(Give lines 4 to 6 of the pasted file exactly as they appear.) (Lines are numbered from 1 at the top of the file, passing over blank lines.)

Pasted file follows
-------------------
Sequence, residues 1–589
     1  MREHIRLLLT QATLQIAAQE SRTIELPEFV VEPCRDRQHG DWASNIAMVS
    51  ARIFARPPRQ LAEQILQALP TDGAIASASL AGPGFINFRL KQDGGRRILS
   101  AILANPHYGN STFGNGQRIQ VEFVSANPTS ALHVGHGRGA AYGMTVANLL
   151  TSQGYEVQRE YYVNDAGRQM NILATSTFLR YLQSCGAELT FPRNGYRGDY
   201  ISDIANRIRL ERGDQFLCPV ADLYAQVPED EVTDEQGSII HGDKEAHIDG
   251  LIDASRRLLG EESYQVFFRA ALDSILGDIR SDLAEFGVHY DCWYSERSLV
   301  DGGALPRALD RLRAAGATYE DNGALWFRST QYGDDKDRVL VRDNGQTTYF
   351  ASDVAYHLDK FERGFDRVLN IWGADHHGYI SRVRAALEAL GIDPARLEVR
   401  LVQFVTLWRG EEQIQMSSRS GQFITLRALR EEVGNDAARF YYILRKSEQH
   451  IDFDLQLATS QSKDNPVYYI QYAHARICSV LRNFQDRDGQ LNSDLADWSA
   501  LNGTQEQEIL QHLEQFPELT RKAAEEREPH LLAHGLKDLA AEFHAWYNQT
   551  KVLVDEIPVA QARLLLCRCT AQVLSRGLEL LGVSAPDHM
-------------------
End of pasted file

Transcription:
   101  AILANPHYGN STFGNGQRIQ VEFVSANPTS ALHVGHGRGA AYGMTVANLL
   151  TSQGYEVQRE YYVNDAGRQM NILATSTFLR YLQSCGAELT FPRNGYRGDY
   201  ISDIANRIRL ERGDQFLCPV ADLYAQVPED EVTDEQGSII HGDKEAHIDG